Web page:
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The Magic of Finding a Mentor

December 11, 2019 3 Min Read Career Guidance, Career Progression, Team Dynamics
Bobbi D. Kelly, PHR, SHRM-CP
Bobbi D. Kelly, PHR, SHRM-CP Director-in-Charge, Talent Advisory

career advice

I previously wrote about the importance of finding a champion in your career, which remains critical. However, I’d like to emphasize that a champion and a mentor are not synonymous. Sometimes they end up being the same person, but many times, they are not.

The biggest differentiating factor between a mentor and a champion is the expectation of confidentiality. You want your champion to talk about you behind closed doors, to share what you are thinking, where you want to go in your career, and what you are working on. A mentor, however, is like a professional best friend – someone you can confide in, who will be a sounding board, and who will guide you through (rather than dictate) your career.

So what is the magic to finding a mentor? Surprise – there isn’t any! However, that doesn’t mean that you should approach the process haphazardly. I challenge you to find your professional best friend, or mentor, the same way you have found your “real-life” best friends.

Here are a few things I have considered throughout my life and career as I have searched for my own mentor:

  1. Do I want to be associated with this person? My mom always said you are known by the company you keep. That stands true for your mentor. Are they well respected in their field of expertise? Do they surround themselves with other well respected individuals?
  2. Do I trust they will be constructively honest with me? Like with a good friend, a good mentor will shoot it to you straight but won’t intentionally hurt your feelings in the process. They should have your best interests in mind at all times.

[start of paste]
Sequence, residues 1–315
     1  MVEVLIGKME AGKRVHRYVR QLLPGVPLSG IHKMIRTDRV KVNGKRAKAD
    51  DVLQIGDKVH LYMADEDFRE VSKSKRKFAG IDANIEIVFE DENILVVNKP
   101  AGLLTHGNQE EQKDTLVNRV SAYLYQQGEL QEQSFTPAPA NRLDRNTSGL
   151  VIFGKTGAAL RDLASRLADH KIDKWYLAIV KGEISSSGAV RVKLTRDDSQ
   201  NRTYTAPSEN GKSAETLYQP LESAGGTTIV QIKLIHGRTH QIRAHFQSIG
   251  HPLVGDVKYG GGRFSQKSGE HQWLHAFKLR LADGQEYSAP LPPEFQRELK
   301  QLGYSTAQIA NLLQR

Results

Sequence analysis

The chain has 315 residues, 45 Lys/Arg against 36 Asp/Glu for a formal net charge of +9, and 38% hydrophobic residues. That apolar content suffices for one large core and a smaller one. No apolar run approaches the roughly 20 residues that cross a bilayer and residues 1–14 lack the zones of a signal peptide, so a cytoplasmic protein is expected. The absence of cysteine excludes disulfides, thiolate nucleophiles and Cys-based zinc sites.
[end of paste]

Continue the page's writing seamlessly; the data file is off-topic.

3. Will they make time for me? As in any relationship, a mentoring relationship is only effective if your mentor puts in the time to make it work. Don’t fall into the trap of picking a mentor who is already overloaded and expect to get the attention from them that you desire.
  4. Will they hold my confidence? As I mentioned, this is the biggest difference between a mentor and a champion. You have to be comfortable entrusting your mentor with what is really on your mind and what you really want to achieve.
  5. Will we enjoy spending time together? This may seem too simple, but it is important for you and your mentor to like each other and enjoy each other’s company. Just like in a friendship, you have to want to spend time together in order for the relationship to work.

Whatever your criteria may be for choosing a mentor, the most important thing to keep in mind is to do so thoughtfully. Just like champions, mentors are critical to your success. Don’t allow fate to determine who that person is.

Bobbi Kelly is Kreischer Miller's Director of Human Resources. She has over 12 years of experience providing human resources advisory services to a variety of businesses, including privately-held companies and partnerships. Bobbi joined Kreischer Miller in 2014. Contact Bobbi at Email.


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Bobbi D. Kelly, PHR, SHRM-CP

Bobbi D. Kelly, PHR, SHRM-CP

Director-in-Charge, Talent Advisory

Talent Advisory Specialist

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